Skip to main content
Carolina Panthers

The Day After: Correcting defensive execution 


CHARLOTTE – The Panthers aren't pointing fingers for Sunday's overtime loss to the Falcons. They're not focusing on all the bad, either, because there were good things to build upon in Atlanta.

But interim coach Steve Wilks was clear both immediately after the game and the day after that one of the biggest takeaways from this season's first Falcons matchup would be finding a way to finish. And one of the first places to start would be with the defense.

Carolina's defense has spent much of this season bailing out the offense while it struggled to stay on the field and score points. But in Atlanta, the Panthers' offense put up big plays late while the defense let some long drives get away. 

The Falcons were held to just 124 total yards through the first half but wound up with 406 by the end of the game, including an overtime period.

Atlanta put up a 62-yard touchdown drive, a 68-yard field goal drive, and a 75-yard touchdown drive all in the second half, while the Panthers' defense struggled to contain explosive plays from Damiere Byrd, Kyle Pitts, Tyler Allgeier, and Caleb Huntley – all of whom gained at least 30 yards on a single play.

"It's very simple, just execution," Steve Wilks said when asked about the second-half defense. "I know that's a cliche, but we've got to execute. We've got to detail our work."

Atlanta quarterback Marcus Mariota finished the day with 253 yards, three touchdowns and two interceptions, and added another 43 yards on the ground. That included a 30-yard scramble during overtime, which set up the game-winning field goal from Younghoe Koo.

"We knew Mariota was a scrambling quarterback; he's going to buy time with his feet," Wilks said. "We've got to do a great job on the back end as far as plastering, which means get tight to your coverage when he starts to scramble. A lot of times, we lost coverage, which we can't do."

Defensive back Myles Hartsfield added his perspective from the field Monday. When asked about what caused Atlanta to exploit some wrinkles in the Panthers' defense late in the game, he said it comes down to communication and not making the same mistake twice.

"I don't think anything causes it; it might just be mental errors here and there that happen earlier in the game," Hartsfield said. "We have so much passion and so much effort that goes on that people don't really see (early mistakes). So it might be stuff that happened earlier that they just come back to, and we never corrected it.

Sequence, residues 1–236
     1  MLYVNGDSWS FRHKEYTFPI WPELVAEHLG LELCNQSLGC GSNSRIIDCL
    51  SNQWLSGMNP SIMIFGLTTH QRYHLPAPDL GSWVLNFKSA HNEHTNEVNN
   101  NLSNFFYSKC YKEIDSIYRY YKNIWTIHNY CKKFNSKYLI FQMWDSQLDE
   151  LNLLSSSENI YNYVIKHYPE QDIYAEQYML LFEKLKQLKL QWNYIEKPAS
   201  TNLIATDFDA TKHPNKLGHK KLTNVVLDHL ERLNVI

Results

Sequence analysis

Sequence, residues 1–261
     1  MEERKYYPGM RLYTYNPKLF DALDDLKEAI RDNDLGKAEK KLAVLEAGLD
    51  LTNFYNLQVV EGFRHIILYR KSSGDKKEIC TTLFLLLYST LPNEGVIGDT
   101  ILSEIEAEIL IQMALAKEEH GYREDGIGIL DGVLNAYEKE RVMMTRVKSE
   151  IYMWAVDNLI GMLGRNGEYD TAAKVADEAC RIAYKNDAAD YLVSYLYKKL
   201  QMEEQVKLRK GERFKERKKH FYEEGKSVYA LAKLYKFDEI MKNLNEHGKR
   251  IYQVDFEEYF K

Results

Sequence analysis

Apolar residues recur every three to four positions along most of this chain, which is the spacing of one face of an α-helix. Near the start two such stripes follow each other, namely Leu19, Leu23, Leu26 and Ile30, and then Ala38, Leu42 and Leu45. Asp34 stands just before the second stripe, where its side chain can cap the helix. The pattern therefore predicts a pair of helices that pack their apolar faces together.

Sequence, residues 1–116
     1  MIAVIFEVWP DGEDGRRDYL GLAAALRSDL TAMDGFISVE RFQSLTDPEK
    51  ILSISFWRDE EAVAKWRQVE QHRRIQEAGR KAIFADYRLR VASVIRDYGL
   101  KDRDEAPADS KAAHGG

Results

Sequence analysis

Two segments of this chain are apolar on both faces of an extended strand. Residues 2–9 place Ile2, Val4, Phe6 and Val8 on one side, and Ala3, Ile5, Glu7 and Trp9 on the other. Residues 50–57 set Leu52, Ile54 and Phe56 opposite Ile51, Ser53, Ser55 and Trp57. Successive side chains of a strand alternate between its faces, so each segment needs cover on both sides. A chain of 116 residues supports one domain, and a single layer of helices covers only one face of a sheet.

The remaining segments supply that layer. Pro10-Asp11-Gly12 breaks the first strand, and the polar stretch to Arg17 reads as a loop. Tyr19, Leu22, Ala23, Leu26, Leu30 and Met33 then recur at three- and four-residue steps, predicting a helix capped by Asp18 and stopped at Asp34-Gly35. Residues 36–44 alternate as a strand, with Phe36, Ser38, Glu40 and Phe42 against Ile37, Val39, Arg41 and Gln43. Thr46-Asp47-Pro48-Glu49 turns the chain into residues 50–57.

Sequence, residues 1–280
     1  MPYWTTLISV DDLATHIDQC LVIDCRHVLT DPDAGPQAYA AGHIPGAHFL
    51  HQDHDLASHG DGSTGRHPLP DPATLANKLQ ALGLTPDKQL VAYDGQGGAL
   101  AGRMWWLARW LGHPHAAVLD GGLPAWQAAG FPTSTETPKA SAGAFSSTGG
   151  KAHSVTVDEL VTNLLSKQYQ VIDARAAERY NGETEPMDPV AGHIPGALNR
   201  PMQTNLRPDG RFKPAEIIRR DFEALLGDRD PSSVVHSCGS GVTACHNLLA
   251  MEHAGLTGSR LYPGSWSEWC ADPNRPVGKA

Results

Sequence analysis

"We just have to communicate with one another and be on the same page, so if somebody moves on their side, we can react to it. That's what I really think it is."

– Wilks said the Panthers did not have plans to work out any other kickers after Eddy Piñeiro missed two crucial kicks at the end of the Falcons' game.

He reiterated the team's support of Piñeiro, who had only missed one field goal attempt (14-of-15) and was perfect on extra points (12-of-12) before his pair of mistakes Sunday.

"Eddy's still a part of our team, a major part of what we're trying to get done," Wilks said. "And as I mentioned yesterday, in all three phases, we could have done better. If you ask Eddy, he definitely wanted to make those kicks as well as we all wanted them. One guy did not lose this football game."

– Wilks confirmed Carolina would be moving forward with PJ Walker as the starting quarterback for the fourth week in a row when they head up to Cincinnati this week.

Walker put up a career-high 317 yards on 19-of-36 passing, which included the 62-yard Hail Mary touchdown to DJ Moorewith 12 seconds left.

Walker's role as a downfield passer has increased since his first start at the Rams when the Panthers took a more conservative approach to their offense. Wilks said Walker had earned the coaches' trust since then.

"With anything in life, it's all about time," Wilks said. "We've seen over the last couple of weeks, with him putting the time in (and) with us, as coaches, giving him the opportunity to perform with the game plan. He has shown that he can handle certain things, so I'm very pleased."

Baker Mayfield, who has returned to full practice from an ankle injury, will continue to back Walker up. Sam Darnold is still progressing from a high ankle sprain that landed him on injured reserve to start the season. He has just over one week to return to the 53-man roster after he was designated to return from IR two weeks ago.

– Wilks also declined to comment on the unsportsmanlike conduct penalty called on Moore after the Hail Mary.

Moore was called for removing his helmet after the score (though he appeared to be out of bounds before he did). The penalty pushed Piñeiro's attempt for the game-winning extra point from a 33-yard attempt to a 48-yard attempt.

"One thing that I'm not going to do, and we're not going to do here, is try to officiate the game," Wilks said. "They made that decision. They made the call, and we're going to move forward with that."

– Defensive end Henry Anderson returned to the locker room Monday and spoke to reporters briefly for the first time since he was placed on the reserve/non-football illness list on Oct. 25.

He did not delve into details about his situation but said he was dealing with a "personal, private" issue and hoped to return.

– Safety Jeremy Chinn said he had been given "a different perspective" since landing on injured reserve with a hamstring injury.

He's eligible to return for this week's game against the Bengals but said he would be "day-to-day." He acknowledged this was the longest time he's had to miss because of any injury in his career, and was noncommittal when asked for a timeline on when he might return.

View the best photos from the pre-game, warmups and game action in Week 8 between Carolina and Atlanta.

Related Content